In the Moon of Red Ponies Review

In the Moon of Red Ponies Review
In the Moon of Red Ponies is the fourth novel in Edgar winner James Lee Burke’s Billy Bob Holland series. In Bitterroot, Burke’s third novel, former Texas Ranger Holland traveled to Montana to help a friend threatened by psychopathic rodeo clown Wyatt Dixon. With his help, Dixon received a sentence of sixty years in the penitentiary.

Since that time, Holland has moved his family from Louisiana to the Bitterroot Mountains in western Montana where he now practices law. A year after Dixon’s incarceration he is inexplicably released. Readers of Bitterroot will remember Dixon almost killed Temple, Billy Bob’s PI wife, when he buried her alive.

Now settled in Missoula, Holland’s first client is Johnny American Horse, a Desert Storm hero, alcoholic, land preservationist, and Native American rights activist. Sometimes found sleeping in barroom doors on a Sunday morning, local law enforcement believe he is suffering from the ravages of war. Unfortunately, this time Johnny has a concealed weapon under his coat. The normally tough judge lets him off with a warning.

A short time later, Johnny is arrested for suspicion of murder when two hit men hired to kill him bungle the job. As Billy Bob investigates the charges, he finds an intriguing assortment of players including Amber Finley, Johnny’s girlfriend, who happens to be the daughter of one of Montana’s U.S. Senators.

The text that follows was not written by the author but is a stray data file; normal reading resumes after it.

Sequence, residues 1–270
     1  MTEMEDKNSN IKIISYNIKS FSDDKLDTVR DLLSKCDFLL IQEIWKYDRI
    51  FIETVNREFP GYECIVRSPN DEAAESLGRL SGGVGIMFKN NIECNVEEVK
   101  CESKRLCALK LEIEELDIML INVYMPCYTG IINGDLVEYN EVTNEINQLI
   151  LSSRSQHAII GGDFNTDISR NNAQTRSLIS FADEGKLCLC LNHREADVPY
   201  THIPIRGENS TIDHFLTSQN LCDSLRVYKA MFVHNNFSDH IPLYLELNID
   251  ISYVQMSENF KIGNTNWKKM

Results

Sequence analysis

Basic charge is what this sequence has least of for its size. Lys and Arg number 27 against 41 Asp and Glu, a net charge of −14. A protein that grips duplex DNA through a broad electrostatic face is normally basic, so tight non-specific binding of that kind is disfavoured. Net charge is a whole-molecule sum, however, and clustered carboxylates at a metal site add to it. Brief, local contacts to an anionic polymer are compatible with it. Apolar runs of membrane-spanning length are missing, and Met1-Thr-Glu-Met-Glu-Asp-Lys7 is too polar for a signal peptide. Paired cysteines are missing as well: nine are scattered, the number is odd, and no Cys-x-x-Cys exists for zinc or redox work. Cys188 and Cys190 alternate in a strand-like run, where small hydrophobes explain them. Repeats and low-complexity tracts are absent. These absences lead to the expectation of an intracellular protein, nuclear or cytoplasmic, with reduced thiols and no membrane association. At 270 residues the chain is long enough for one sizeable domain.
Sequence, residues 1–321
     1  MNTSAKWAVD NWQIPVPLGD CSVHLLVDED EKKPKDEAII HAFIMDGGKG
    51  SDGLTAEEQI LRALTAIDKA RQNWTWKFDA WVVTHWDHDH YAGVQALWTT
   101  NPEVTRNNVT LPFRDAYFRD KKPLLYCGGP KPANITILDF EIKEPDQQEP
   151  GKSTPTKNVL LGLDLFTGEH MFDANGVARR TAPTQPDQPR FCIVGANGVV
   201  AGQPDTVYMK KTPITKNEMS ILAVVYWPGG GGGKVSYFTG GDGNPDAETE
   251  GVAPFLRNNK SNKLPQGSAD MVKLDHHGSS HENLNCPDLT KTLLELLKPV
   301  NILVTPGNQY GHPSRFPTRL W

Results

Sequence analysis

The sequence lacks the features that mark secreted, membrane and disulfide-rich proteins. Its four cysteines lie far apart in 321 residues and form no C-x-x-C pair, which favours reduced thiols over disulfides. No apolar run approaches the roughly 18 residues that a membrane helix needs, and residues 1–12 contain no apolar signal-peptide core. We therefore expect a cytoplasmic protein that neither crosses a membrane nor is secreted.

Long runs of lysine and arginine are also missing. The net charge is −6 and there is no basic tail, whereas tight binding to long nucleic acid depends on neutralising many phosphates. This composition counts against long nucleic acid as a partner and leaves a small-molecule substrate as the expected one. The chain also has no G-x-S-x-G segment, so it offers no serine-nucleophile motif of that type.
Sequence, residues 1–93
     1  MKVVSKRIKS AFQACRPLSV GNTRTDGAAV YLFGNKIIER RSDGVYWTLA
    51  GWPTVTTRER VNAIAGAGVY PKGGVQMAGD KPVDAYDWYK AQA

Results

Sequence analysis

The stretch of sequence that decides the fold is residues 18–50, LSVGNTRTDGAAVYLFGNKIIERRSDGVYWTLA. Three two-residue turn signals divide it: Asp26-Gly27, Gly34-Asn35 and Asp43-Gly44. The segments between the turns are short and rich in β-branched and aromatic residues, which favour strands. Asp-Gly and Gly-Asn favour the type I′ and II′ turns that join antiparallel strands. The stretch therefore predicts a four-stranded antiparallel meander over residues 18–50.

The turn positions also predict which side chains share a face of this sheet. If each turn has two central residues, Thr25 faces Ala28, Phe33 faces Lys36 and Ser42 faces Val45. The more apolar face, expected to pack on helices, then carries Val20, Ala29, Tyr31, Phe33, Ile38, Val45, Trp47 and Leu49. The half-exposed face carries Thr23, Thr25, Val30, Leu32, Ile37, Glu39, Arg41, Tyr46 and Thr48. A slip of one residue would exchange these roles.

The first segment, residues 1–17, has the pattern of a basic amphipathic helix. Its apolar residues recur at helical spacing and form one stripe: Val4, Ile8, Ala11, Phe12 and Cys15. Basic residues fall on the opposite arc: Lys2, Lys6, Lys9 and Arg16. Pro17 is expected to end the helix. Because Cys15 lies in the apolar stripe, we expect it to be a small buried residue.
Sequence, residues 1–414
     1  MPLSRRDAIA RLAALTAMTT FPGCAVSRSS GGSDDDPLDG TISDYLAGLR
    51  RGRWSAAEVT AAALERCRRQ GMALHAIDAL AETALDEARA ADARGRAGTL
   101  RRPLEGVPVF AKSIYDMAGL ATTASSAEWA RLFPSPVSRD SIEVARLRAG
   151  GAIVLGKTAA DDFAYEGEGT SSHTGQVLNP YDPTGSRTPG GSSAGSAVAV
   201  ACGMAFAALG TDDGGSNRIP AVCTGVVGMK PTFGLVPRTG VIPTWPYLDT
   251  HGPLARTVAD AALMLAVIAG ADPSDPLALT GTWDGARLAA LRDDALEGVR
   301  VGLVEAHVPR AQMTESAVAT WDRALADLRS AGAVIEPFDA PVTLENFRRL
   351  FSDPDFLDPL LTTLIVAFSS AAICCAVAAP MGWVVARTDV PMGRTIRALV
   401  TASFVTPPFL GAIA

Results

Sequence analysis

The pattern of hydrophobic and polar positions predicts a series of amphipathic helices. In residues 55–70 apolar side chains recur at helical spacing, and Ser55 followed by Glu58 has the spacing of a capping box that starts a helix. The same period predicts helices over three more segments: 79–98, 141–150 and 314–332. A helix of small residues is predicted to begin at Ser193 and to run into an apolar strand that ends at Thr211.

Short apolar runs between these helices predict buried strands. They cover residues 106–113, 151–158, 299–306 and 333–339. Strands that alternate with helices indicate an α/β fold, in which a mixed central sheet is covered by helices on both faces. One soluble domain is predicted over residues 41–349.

Darrel McComb is a Missoula police detective, former war hero, and mercenary pilot who flew in cocaine for the contras, and who is obsessed with Amber. Another player is FBI agent Seth Masterson, causing Billy Bob to wonder why the U.S. government is interested in this particular murder case.

When McComb takes the case to a higher level and the body count begins to grow, Billy Bob finds himself closer to understanding the reason for Johnny’s arrest. When he and his family find themselves in danger, Billy Bob strikes back to protect those he loves.

In the Moon of Red Ponies contains an intriguing cast of characters. As in previous books, Burke excels in setting the mood and atmosphere. His descriptive narrative brings scenes alive. Although for the most part the story moves along quite well, there are times when Burke’s commentary on environmental issues and treatment of Native Americans unnecessarily slows the pace. Set outside the familiar Louisiana Bayou, regular series readers should still enjoy this next addition.

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A World I Never Made

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